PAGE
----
Icelandair adds first Boeing 737 MAX jet in its fleet
March 1, 2018: Icelandair recently received delivery of its first Boeing 737 MAX airplane. <br></br> The MAX, which is a new and improved version of Boeing’s 737 airplane, will join Icelandair’s fleet of Boeing 757 and 767 jets to serve North America and Europe.<br></br> In 2013, Icelandair had placed orders for 16 Boeing 737 MAXs, […]
March 1, 2018: Icelandair recently received delivery of its first Boeing 737 MAX airplane.
The MAX, which is a new and improved version of Boeing’s 737 airplane, will join Icelandair’s fleet of Boeing 757 and 767 jets to serve North America and Europe.
In 2013, Icelandair had placed orders for 16 Boeing 737 MAXs, including MAX 8 and larger MAX 9 models.
“The arrival of the new Boeing 737 MAX aircraft is a milestone for us,” said Bjorgolfur Johannsson, president and CEO of Icelandair.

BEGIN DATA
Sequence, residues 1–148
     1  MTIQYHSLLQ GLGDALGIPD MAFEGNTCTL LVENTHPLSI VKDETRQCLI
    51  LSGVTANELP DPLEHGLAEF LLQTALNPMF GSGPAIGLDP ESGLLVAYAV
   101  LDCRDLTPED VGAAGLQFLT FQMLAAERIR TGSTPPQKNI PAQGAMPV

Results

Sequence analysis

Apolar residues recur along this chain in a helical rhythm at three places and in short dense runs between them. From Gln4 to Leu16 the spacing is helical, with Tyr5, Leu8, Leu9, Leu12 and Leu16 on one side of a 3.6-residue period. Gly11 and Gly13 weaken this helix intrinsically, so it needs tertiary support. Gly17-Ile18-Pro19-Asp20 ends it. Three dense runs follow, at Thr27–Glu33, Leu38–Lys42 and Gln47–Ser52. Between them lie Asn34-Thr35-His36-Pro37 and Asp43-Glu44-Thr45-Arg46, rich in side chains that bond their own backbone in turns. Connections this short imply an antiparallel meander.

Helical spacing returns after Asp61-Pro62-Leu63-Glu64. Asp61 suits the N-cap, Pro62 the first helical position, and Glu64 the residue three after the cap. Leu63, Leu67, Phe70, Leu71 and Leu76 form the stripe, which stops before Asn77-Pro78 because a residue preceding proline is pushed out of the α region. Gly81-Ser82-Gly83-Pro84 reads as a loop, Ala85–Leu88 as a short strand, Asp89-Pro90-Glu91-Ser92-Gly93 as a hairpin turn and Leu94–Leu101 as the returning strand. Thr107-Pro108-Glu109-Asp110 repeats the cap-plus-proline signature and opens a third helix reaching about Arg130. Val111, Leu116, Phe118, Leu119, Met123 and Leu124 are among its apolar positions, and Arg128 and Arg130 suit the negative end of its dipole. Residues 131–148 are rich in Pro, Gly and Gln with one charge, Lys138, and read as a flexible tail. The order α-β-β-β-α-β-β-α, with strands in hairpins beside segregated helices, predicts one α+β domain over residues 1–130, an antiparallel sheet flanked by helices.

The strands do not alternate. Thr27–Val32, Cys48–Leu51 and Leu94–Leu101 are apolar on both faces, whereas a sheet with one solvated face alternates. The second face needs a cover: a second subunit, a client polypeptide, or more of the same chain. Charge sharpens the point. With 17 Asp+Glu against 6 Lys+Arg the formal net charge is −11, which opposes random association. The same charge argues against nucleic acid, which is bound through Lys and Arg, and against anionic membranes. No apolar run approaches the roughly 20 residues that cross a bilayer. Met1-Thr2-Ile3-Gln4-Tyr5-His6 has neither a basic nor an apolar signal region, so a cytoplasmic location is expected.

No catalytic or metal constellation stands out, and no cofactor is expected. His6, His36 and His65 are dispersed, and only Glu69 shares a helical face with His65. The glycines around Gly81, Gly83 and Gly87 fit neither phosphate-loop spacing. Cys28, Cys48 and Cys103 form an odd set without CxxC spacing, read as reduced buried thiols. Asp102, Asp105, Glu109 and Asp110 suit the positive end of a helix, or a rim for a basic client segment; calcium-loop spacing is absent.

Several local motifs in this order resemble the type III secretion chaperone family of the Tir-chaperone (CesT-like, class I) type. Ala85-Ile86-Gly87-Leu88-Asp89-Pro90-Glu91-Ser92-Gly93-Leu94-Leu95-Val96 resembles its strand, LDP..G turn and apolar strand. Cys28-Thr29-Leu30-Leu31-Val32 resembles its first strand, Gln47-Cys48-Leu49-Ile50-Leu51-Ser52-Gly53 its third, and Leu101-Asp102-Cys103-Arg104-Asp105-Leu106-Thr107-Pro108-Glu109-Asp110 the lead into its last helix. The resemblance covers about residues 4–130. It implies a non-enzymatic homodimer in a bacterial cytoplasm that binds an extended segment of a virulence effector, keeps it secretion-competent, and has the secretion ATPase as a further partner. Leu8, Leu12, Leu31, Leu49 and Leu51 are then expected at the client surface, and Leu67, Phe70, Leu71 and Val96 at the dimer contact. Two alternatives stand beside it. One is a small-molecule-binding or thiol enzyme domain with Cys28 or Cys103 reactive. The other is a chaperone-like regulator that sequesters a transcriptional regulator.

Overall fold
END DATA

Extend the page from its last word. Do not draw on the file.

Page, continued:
“The 737 MAX is an excellent addition into our fleet of Boeing 757’s and 767’s, which will help in increasing flexibility and capacity of our network, besides add frequencies and new destinations. It will help our airline to grow and augment our fleet strength, and enhance our trans-Atlantic operations,” said Johannsson.
The 737 MAX family is powered with CFM International LEAP-1B engines, which include design updates, such as Boeing’s Advanced Technology winglet that result in less drag and further optimises the 737 MAX performance, especially on longer-range missions.
It also reduces fuel use and CO2 emissions by at least 14 percent compared to the current version of 737s.
“The 737 MAX will complement Icelandair’s trans-Atlantic operations, which is aiming to seamlessly connect North America and Europe,” said Monty Oliver, vice-president of Europe Sales, Boeing Commercial Airplanes.
“The incredible operating efficiencies of 737 MAX and Max 9 will allow Icelandair to steadily and profitably grow its network in the future,” said Oliver.
The 737 MAX is the fastest-selling airplane in Boeing history, accumulating over 4,300 orders from across 93 customers worldwide.